July 30th, 2011 will forever stick out in the minds of Rockies fans everywhere as the day that the club pulled a fast one on everybody and traded the franchise's first real ace, Ubaldo Jimenez. Last week, we reviewed two of the players who directly filled in for Ubaldo while he was injured and after he got traded. This week, we'll look back on the MLB work of the two major players the Rox received in return for Jimenez, Alex White and Drew Pomeranz.
Alex White was the first of the two hyped-up prospects to make an MLB appearance for the Rockies, as he debuted for the Indians earlier in the season prior to getting injured and eventually traded. After four solid rehab starts that immediately followed his arrival to the Rockies organization, White made his initial start for Colorado on August 23rd against the Astros at Coors Field. It was probably his best start of the season (maybe in the running with his other start against the Astros in Houston), as he went six innings and allowed five runs on seven hits, with four strikeouts and just one walk. He did, however, allow two home runs, which served as a precursor to what we would see from White for the remainder of his starts - a barrage of longballs.
White went on to allow 15 - fifteen - home runs in 2011 in just 51.1 innings pitched. As a Rockie, he gave up 12 in 36.1 innings. While it is a small sample size, that puts White's HR/9 at 2.6. To put that in perspective, the league average per 180 IP is 0.9, and the worst HR/9 in the league among qualified pitchers was 2.1 (Bronson Arroyo).
He finished the season with 3-4 record and a 7.29 ERA, while striking out 6.5 batters per nine innings and walking 4.4.
Drew Pomeranz was the PBTNL (as well as the centerpiece) in the big trade, thus he didn't join the Rockies organization until two weeks after the deal went down. Following his first minor league start, he underwent an emergency appendectomy that sidelined him for a couple more weeks. After a three-inning "rehab" start with Tulsa on September 5th, Pomeranz got the call to the big club and made his major league debut on September 11th against the Reds. That day gave Rockies fans (especially ones still dejected about losing Ubaldo) a glimpse of hope for the future, as Pomeranz went five scoreless innings, allowing just two hits and two walks while striking out a pair and picking up the win in the process. His next start was nothing to be ashamed of either, as he held the Giants to two runs on four hits in 5.2 frames while striking out five and walking two.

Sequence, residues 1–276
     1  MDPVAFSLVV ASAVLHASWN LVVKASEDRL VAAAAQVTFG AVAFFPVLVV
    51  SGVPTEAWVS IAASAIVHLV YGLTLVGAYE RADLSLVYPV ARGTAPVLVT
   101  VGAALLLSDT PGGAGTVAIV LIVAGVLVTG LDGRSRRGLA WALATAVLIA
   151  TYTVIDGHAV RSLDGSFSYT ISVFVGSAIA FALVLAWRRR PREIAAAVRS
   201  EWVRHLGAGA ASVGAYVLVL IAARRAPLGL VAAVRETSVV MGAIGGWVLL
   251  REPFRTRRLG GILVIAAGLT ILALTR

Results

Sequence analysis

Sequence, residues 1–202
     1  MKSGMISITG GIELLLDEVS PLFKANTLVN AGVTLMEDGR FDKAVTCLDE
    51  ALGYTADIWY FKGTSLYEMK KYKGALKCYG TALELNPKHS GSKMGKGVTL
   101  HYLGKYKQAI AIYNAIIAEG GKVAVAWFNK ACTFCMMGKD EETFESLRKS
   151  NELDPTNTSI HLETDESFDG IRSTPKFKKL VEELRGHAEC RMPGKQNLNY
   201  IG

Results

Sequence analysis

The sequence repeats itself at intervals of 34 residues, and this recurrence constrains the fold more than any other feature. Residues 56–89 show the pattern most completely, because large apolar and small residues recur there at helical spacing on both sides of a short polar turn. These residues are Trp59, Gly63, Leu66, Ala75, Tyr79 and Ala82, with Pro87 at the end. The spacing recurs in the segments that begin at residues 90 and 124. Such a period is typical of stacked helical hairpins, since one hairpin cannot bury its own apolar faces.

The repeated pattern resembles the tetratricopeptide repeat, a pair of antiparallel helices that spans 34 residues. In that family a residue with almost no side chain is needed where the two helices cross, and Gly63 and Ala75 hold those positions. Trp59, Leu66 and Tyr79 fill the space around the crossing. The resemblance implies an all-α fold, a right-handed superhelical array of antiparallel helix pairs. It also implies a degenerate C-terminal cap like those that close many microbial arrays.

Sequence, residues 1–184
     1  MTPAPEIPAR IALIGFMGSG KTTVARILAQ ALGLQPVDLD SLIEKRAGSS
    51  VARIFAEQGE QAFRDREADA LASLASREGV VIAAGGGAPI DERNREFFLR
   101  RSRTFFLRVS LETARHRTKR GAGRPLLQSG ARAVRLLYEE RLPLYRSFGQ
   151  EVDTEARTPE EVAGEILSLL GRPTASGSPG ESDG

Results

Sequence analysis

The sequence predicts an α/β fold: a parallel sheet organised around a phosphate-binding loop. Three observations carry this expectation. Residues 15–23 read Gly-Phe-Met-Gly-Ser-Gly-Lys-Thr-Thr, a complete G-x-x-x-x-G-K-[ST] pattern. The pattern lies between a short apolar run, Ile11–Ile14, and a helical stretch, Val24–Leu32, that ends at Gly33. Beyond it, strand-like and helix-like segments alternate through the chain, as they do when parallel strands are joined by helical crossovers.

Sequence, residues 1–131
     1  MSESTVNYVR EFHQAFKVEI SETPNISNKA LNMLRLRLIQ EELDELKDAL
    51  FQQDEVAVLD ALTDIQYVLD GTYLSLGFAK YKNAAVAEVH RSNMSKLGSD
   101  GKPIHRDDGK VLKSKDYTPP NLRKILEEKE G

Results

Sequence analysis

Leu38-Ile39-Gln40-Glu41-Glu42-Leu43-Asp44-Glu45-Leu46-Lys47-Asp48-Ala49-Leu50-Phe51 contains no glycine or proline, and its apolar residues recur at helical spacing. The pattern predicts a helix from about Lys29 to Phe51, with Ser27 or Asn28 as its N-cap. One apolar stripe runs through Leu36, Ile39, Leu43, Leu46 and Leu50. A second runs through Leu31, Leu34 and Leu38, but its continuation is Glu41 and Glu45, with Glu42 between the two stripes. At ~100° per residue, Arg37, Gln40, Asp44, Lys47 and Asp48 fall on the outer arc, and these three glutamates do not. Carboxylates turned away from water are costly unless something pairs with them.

His only real bad start of the season took place in Houston, where he was shelled six runs on seven hits in just two innings. Naturally, he was tagged with the loss. In the Rockies' season finale in San Francisco, Pomeranz helped his club avoid ending their disastrous season on a sour note by tossing 5.2 innings of three-run ball, striking out three and walking nobody.
Pomeranz finished 2011 with a 2-1 record and a 5.40 ERA. However, he posted a strong K/BB ratio of 2.6, albeit in just 18.1 innings of work.
Final grades, as well as what to expect in 2012, are after the jump...
Alex White - D. While the rookie pitcher showed periodic flashes of being very good, he was extremely hittable and did not command his pitches well. Take away his two starts against the leagues worst team, and you have some REALLY ugly stuff.
Drew Pomeranz - B. The highly-touted prospect may have been thrust into action a bit too soon (especially following a surgical procedure), but he handled it pretty well. That's also not an indictment on the Rockies, who had every reason to see what they had in their blue chip hurler.
Both pitchers will have a great opportunity to start the season as members of the starting rotation. White is going to have to show substantial improvements in his command in order to crack the rotation and avoid starting the season in the minors or in the bullpen. Pomeranz, meanwhile, had an offseason incident that, while probably not all that serious, is a bit of a character red flag. However, if he's able to focus on baseball and continue to develop, he'll almost assuredly be in the opening day rotation, barring any "service time" tomfoolery that the team may or may not be considering.